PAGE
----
In reviewing a challenge to the sufficiency of evidence, “the reviewing court must consider the evidence in a light most favorable to the judgment and presume the existence of every fact the trier could reasonably deduce from the evidence in support of the judgment. The test is whether substantial evidence supports the decision, not whether the evidence proves guilt beyond a reasonable doubt.” ( People v. Mincey (1992) 2 Cal.4th 408, 432 [6 Cal. Rptr. 2d 822, 827 P.2d 388], fn. omitted.) We consider whether a rational trier of fact could have found the essential elements of the crime beyond a reasonable doubt. ( People v. Gamez (1991) 235 Cal. App. 3d 957, 977 [286 Cal. Rptr. 894], disapproved on another point in People v. Gardeley (1996) 14 Cal.4th 605, 624, fn. 10 [59 Cal. Rptr. 2d 356, 927 P.2d 713].) To prove a gang allegation, an expert witness may testify about criminal street gangs. ( People v. Gardeley, supra, at pp. 616–618.)
Here, the gang allegation is supported by substantial evidence. Appellant does not dispute that he is a member of Florencia 13, a Latino criminal street gang. The prosecution expert, Officer Stevens, testified that Moreno also was an active member of Florencia 13. He stated that Florencia 13 and the 89 East Coast Crips, an African-American gang, were rival gangs which had been engaged in a violent war for the past three years. He explained that any Florencia 13 gang member would know that the liquor store where the shooting occurred, only 2.4 miles away from Florencia 13 territory, was situated in territory controlled by the 89 East Coast Crips.
Officer Stevens opined that the shootings were committed to benefit the gang because “there is absolutely no reason for anybody from Florence to be anywhere near that liquor store. It's a known 89 East Coast hangout. It's also a hangout for 18th Street, which [are] also bitter rivals with Florencia. Again, there would be no reason for Florencia to go to that liquor [store] unless they knew they were expecting trouble or looking for trouble.” The officer explained that whether or not the victims were gang members, a shooting of any African-American men would elevate the status of the shooters and their entire gang. Further, appellant admitted that the Latino men in his neighborhood were having problems with the African-American men. We conclude that ample evidence supports the jury's finding that the shooting was committed “for the benefit of, at the direction of, or in association with any criminal street gang.” (§ 186.22, subd. (b)(1).)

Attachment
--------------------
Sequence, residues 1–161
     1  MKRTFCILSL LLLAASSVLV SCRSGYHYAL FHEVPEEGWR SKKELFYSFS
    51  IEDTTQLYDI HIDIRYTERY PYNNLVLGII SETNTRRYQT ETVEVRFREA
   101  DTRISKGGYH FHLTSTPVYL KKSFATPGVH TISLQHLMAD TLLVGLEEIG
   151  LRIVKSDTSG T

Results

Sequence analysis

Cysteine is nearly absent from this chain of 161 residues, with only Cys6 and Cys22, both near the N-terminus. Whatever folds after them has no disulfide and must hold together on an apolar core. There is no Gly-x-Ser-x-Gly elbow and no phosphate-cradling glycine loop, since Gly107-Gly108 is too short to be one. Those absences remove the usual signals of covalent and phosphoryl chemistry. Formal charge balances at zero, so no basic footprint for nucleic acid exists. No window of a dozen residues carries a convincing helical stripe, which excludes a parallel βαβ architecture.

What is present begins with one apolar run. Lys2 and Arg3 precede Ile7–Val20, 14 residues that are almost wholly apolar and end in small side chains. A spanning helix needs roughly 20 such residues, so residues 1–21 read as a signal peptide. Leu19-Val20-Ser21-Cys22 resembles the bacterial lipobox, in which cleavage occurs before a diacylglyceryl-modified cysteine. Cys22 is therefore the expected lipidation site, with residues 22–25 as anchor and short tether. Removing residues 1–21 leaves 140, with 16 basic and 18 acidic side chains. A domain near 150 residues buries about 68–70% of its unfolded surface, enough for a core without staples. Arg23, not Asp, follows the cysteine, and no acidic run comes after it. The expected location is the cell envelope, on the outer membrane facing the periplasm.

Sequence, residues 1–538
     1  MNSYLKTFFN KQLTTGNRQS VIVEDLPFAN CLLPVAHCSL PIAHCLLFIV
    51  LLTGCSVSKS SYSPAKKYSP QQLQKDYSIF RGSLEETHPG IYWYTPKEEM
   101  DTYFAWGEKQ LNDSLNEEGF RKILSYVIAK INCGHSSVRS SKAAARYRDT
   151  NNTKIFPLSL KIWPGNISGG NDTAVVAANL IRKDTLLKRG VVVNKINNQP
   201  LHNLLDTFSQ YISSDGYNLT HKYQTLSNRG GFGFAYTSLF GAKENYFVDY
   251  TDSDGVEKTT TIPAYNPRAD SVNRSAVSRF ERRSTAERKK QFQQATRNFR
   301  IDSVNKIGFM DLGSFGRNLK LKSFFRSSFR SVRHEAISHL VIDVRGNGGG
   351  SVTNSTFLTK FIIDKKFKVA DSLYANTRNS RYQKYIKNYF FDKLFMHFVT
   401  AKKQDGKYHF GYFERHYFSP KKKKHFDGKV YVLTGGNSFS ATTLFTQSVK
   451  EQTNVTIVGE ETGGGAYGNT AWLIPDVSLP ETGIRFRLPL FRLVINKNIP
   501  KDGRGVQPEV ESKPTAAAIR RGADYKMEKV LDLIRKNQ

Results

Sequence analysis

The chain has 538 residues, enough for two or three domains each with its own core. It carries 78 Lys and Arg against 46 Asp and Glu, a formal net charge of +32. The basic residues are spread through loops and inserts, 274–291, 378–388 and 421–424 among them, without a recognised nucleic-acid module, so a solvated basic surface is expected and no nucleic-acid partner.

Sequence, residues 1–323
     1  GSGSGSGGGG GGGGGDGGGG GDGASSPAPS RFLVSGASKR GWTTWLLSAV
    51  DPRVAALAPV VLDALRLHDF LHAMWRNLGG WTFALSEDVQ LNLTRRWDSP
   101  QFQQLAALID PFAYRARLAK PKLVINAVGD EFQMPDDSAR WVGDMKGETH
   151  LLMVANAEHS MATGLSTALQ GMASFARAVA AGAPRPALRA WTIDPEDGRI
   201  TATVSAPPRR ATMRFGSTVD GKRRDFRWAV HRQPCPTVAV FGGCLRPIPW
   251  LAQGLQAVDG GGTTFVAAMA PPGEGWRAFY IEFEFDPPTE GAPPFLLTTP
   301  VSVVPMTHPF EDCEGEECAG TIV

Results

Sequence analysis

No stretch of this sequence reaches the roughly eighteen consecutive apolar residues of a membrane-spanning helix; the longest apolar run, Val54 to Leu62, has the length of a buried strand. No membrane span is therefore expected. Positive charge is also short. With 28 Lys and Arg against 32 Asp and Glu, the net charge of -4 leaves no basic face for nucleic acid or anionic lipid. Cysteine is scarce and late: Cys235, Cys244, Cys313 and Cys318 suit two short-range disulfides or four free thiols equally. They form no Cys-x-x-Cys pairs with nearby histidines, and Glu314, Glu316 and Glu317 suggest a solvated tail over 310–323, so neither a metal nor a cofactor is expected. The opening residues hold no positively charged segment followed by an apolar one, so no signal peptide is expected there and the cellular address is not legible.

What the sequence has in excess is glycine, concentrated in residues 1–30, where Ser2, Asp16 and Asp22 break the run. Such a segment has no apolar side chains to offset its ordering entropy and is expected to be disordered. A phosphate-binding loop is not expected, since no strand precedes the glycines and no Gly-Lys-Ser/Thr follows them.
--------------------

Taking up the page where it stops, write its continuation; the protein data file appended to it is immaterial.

In the alternative, appellant argues that even if the crimes were committed to benefit the gang, he lacked the requisite “specific intent to promote, further, or assist in any criminal conduct by gang members.” (§ 186.22, subd. (b)(1).) Relying on the majority opinion in Garcia v. Carey (9th Cir. 2005) 395 F.3d 1099, appellant asserts that the statute requires a showing of intent to promote the gang's criminal activity beyond the charged crime. In Garcia, the Ninth Circuit found insufficient evidence of specific intent to promote, further, or assist in other criminal conduct by the defendant's gang. We disagree with Garcia's interpretation of the California statute, and decline to follow it. (See People v. Burnett (2003) 110 Cal.App.4th 868, 882 [2 Cal. Rptr. 3d 120] [federal authority is not binding in matters involving state law]; see also Oxborrow v. Eikenberry (9th Cir. 1989) 877 F.2d 1395, 1399 [state court interpretation of state statute binding on federal court unless interpretation is a subterfuge or untenable].) By its plain language, the statute requires a showing of specific intent to promote, further, or assist in “any criminal conduct by gang members,” rather than other criminal conduct. (§ 186.22, subd. (b)(1), italics added.)
In People v. Morales (2003) 112 Cal.App.4th 1176, 1198 [5 Cal. Rptr. 3d 615], the defendant and two fellow gang members committed a robbery. On appeal, defendant argued that he lacked the requisite specific intent for the gang finding, because the evidence showed only that the three men belonged to the same gang. The court rejected his claim, concluding that there was sufficient evidence that defendant intended to commit the robbery in association with other gang members and that it was therefore “fairly inferable that he intended to assist criminal conduct by his fellow gang members.” ( People v. Morales, supra, at p. 1198.)
Thus, the specific intent element is satisfied if appellant had the specific intent to “promote, further, or assist” Moreno in the shootings of Dennard and King. There was ample evidence that appellant intended to commit a crime, that he intended to help Moreno commit a crime, and that he knew Moreno was a member of his gang. This evidence creates a reasonable inference that appellant possessed the specific intent to further Moreno's criminal conduct. Because we find sufficient evidence to uphold the gang enhancement, we also uphold the dependent firearm enhancement.
The judgment is affirmed*
Willhite, J., and Hastings, J., concurred.
* Retired Associate Justice of the Court of Appeal, Second Appellate District, assigned by the Chief Justice pursuant to article VI, section 6 of the California Constitution.
Appellants petition for review by the Supreme Court was denied September 20, 2006, S144621.